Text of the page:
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After thinking about it for the last couple of years I am finally building a grapple. I have the time now since I retired a couple of months ago. I've googled and searched through GTT and TBN to try to steal, er I mean learn how others have done it. The grapple frame is the 3" angle iron quick attach frame I built for forks. I'll still be able to use forks with the frame by unbolting the bottom bracket to put the forks back on. Most of the steel is 1/4".

Using the below material. Waiting on the hoses and fittings to be delivered.

hyd. cylinder: Prince Manufacturing W200060-S Wolverine Tie Rod Cylinder, 2" Bore x 6" Stroke, 1 1/8" Diameter, 2500 psi, Chrome Plated $75

diverter valve: Chief Stackable Solenoid & Manual Operated Circuit Selector Valves: 14 @ 3045 PSI GPM, SAE 8 Port Size, 5000 PSI, 220934 $145

hoses: Northern Tools (4) 4' 3/8" in addition to using the current curl hoses

hyd fittings: Discount hydraulics

Grapple handle: Replace stock hydraulic control handle with 1/2" bent tube with bolts (1/4" holes drilled for wires) welded into each end and use a JD knob with a momentary switch. Copied off of Dirtrod.

This is what it looks like so far.

Andy
 

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:thumbup1gif: I like it.
 

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I love threads like these. I'm planning on buying a new welder very soon but I need to win the lottery to buy all of the other fabricating equipment I want. Like a good band saw and a plasma cutter that would cut 1/4- 3/4" steel effortlessly and clean. Very interested on how this turns out and I don't care if you paint it or not.
 

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Show us the whole setup. I am interested in a dirvertor. Looks good so from. What size trzctor is it.:bigthumb:
 

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Discussion Starter #10
I posted this in another thread but in case someone doesn't see it there. If anyone is interested in hydraulic valves, cylinders, fittings, hoses, etc. there is a Halloween sale going on at baileyhydraulics. 30% off plus free shipping if you use the code treat16 at checkout. If I had this when I bought my valve and cylinder a couple of weeks ago it would have saved me about $45.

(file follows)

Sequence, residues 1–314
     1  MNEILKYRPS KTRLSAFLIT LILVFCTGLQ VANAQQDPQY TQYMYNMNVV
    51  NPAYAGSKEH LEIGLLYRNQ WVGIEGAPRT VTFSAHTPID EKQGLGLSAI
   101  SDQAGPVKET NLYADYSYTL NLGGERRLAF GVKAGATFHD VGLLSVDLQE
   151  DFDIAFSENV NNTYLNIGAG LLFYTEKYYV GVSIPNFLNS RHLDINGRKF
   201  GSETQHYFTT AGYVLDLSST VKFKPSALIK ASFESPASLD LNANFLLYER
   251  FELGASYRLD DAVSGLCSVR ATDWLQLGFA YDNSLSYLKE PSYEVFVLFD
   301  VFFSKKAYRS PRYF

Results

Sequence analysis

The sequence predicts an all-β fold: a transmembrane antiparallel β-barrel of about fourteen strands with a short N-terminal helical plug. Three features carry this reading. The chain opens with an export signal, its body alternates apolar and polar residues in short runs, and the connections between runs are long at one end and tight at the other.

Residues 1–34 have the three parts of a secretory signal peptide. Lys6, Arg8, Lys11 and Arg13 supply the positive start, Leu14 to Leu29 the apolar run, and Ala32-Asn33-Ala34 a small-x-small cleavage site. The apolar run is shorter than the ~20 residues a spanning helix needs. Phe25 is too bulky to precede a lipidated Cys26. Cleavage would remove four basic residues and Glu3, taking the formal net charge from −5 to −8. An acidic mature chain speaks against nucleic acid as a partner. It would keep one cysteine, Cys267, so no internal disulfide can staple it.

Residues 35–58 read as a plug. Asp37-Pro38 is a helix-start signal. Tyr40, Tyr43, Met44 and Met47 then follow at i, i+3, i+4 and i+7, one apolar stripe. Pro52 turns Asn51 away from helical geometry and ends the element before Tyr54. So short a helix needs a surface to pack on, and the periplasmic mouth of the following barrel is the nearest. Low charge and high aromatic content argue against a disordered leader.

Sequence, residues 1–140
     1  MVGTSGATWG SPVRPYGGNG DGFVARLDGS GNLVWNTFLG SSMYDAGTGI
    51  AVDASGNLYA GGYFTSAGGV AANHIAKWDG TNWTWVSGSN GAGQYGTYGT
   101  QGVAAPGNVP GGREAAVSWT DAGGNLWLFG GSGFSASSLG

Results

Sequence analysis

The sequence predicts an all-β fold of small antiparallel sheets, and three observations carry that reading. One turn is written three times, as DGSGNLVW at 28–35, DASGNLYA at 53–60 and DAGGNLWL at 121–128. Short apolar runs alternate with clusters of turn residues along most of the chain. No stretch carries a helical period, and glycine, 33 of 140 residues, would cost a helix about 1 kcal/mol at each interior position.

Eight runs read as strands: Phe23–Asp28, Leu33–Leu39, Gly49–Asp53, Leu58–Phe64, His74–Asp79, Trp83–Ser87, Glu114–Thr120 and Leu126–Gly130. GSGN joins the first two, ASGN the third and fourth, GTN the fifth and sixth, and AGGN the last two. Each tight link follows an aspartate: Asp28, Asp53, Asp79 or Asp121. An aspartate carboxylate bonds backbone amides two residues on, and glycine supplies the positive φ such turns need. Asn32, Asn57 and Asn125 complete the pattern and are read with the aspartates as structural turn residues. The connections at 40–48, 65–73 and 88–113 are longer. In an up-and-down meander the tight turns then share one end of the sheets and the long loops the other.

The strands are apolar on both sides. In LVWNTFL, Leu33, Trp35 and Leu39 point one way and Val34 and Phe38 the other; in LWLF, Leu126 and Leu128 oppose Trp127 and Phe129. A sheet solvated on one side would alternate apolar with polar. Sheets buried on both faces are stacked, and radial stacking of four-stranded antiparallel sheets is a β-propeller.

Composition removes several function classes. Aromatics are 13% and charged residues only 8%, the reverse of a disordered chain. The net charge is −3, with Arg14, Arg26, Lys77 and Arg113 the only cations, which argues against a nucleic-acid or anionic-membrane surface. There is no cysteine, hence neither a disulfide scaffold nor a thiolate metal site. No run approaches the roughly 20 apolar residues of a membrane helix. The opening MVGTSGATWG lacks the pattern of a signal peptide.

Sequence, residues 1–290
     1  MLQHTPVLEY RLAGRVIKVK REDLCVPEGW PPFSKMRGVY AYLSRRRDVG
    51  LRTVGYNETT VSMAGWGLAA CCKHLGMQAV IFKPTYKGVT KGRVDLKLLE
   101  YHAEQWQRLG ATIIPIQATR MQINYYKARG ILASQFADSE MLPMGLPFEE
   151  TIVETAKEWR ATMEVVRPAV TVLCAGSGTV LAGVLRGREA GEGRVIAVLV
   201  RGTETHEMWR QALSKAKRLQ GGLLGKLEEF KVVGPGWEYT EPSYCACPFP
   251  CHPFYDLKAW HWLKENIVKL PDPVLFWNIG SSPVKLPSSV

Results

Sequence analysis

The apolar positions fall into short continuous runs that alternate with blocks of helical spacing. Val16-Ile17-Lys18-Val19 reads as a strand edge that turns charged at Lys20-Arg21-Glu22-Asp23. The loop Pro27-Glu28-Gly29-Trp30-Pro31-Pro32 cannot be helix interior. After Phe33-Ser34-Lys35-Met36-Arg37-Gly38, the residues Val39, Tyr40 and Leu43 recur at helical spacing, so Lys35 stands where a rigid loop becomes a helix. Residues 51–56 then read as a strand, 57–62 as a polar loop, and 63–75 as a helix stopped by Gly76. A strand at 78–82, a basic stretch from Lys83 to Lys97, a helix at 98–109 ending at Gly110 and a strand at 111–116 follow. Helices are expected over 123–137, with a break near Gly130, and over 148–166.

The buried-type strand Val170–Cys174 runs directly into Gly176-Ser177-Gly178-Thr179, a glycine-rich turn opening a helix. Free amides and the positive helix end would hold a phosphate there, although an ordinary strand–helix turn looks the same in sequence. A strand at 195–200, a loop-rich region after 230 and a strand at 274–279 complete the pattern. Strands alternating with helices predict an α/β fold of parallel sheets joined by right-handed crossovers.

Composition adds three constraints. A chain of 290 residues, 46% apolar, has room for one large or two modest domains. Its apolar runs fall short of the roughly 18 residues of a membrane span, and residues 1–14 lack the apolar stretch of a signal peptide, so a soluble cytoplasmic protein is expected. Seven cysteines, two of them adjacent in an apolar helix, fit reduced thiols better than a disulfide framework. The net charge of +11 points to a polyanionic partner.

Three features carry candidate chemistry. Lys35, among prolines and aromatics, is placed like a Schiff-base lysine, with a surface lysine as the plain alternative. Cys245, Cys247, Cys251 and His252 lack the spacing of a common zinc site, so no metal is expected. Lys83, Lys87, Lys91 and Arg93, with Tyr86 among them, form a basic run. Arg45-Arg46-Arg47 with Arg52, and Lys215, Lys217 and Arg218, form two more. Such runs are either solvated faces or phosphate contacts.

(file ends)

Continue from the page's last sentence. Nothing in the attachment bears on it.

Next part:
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before you paint it, get some Ospho and treat the bare metal. You will add years of useable life by preventing corrosion and this stuff dries to a paintable surface. Put a coat of red primer over it and then the JD green. DO NOT apply this where it can contact your cement slab! If you do get it on concrete, mix up some baking soda and water to counteract it.
You can get it at the local ACE hardware and many other supply places.
Ospho Rust Treatment - Since 1947
 

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before you paint it, get some Ospho and treat the bare metal. You will add years of useable life by preventing corrosion and this stuff dries to a paintable surface. Put a coat of red primer over it and then the JD green. DO NOT apply this where it can contact your cement slab! If you do get it on concrete, mix up some baking soda and water to counteract it.
You can get it at the local ACE hardware and many other supply places.
Ospho Rust Treatment - Since 1947
I've never used that before. Does it go on like paint?
 

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I've never used that before. Does it go on like paint?[/QUOTE

Remove slag from your welds. Remove any loose rust/scale down to bare metal, but a light film of surface rust actually helps the chemical process.